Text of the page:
So what does all this have to do with thinking great thoughts? I am glad you asked.

In the last chapter of his book to the Philippian church Paul writes, “Finally, brethren, whatever is true, whatever is honorable, whatever is right, whatever is pure, whatever is lovely, whatever is of good repute, if there is any excellence and if anything worthy of praise, dwell on these thing.” (Philippians 4.8 NASB)

The concept of thinking great thoughts is not an option for believers. In fact it would appear to me that is a command. Many people I know live lives that are wrought with pain because that is all they can see. They fail to grasp this concept. It is a dangerous path to travel. If we choose only to focus on the negative we accomplish nothing for Christ. How could we? After all everything about our mission as believers is positive! Sharing Christ’s compassion, love, peace, hope, forgiveness and grace is amazing! ( and no, my list is not exhaustive)

We must learn to see Christ during all situations because He is at work even when we do not see Him. Andy Andrews a humorist, writer, and motivational speaker has a set of three books entitled Storms of Perfection. These books include articles on painful experiences that great men and women and in history encountered. They show the necessity of the pain and how without it, these people never would have experienced greatness. When we get down to it, these books just illustrate the concept found in James 1.2-4 that says, “Consider it all joy, my brethren, when you encounter various trials, knowing that the testing of your faith produces endurance. And let endurance have its perfect result, so that you may be perfect and complete lacking in nothing.” Even in the trial God is at work.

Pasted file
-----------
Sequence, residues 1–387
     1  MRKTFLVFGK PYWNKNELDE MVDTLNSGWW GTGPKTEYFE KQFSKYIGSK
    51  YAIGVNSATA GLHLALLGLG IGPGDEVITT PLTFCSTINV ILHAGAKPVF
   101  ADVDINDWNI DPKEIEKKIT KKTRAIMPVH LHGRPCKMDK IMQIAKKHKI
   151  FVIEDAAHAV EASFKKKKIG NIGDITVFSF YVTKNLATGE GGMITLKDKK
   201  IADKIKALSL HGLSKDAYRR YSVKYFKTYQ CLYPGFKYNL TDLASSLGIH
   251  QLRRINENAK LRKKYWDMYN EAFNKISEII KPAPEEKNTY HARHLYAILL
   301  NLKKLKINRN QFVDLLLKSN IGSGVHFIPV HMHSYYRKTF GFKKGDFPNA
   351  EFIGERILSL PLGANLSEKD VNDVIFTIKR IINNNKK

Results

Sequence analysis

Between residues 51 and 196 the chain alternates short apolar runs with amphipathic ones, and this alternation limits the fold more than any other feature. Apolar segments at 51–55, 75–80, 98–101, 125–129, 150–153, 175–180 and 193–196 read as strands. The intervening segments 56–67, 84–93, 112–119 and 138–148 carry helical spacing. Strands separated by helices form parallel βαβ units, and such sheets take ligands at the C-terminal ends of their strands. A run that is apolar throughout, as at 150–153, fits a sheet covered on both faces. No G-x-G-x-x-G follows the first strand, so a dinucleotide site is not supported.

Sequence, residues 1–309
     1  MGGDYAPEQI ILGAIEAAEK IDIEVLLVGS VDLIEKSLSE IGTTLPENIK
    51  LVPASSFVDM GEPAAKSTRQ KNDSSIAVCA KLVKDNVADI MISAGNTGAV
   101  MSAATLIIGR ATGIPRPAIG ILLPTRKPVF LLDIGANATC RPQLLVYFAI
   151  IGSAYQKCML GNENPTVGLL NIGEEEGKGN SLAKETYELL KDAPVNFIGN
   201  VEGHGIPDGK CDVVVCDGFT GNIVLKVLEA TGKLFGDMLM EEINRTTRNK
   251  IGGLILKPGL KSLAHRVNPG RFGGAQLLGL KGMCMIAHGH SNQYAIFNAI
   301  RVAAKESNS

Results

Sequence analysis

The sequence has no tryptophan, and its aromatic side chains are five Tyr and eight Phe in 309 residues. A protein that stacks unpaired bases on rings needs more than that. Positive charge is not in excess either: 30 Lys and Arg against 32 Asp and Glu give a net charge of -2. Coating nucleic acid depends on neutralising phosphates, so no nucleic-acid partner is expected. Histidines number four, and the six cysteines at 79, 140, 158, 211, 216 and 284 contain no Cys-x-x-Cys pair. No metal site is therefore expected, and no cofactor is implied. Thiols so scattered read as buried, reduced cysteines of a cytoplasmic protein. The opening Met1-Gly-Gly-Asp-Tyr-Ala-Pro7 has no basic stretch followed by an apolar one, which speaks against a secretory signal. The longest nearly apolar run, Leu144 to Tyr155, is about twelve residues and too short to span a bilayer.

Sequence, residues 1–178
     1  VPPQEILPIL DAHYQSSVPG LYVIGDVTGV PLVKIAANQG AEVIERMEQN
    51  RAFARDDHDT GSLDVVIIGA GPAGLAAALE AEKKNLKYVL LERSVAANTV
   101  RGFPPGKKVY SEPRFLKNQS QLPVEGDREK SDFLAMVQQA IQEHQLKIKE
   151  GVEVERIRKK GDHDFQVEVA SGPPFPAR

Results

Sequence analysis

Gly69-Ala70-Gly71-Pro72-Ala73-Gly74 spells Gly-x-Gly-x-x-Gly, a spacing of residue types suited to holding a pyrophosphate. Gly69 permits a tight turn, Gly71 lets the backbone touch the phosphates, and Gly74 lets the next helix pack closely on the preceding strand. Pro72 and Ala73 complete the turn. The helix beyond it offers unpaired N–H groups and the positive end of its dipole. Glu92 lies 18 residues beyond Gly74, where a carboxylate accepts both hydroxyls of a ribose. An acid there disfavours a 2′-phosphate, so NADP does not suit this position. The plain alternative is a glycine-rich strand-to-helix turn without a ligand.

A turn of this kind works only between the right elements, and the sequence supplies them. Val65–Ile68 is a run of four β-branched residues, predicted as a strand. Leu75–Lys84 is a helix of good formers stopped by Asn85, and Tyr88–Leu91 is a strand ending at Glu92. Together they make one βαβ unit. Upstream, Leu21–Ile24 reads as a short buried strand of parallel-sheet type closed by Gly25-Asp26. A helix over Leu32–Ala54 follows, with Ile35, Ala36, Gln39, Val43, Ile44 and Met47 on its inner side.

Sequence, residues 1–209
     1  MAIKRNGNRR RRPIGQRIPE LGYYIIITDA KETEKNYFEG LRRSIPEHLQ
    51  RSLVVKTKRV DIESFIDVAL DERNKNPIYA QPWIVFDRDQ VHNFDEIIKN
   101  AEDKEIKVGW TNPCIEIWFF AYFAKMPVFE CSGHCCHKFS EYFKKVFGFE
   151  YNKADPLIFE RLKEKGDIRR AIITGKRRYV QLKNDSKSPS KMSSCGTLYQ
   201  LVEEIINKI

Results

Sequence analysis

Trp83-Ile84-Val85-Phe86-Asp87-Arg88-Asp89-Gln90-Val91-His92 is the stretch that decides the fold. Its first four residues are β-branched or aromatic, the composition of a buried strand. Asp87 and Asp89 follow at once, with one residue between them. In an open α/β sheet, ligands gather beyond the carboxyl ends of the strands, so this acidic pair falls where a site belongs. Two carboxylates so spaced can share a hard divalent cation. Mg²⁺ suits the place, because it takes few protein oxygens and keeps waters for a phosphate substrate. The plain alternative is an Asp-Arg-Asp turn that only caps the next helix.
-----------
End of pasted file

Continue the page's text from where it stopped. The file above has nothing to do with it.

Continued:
My take away from Think Great Thoughts is simple really: I choose to focus on the positive. When I choose to focus there, I realize how blessed I truly am. I realize that I have a reason to praise my God everyday. I realize that I have nothing to complain about.

So I would challenge you to do the same. Fix your focus on the Author and Finisher of our faith. If we choose to live with an eternal perspective we also choose to live with a changed life. After all, according to my Bible it is commanded.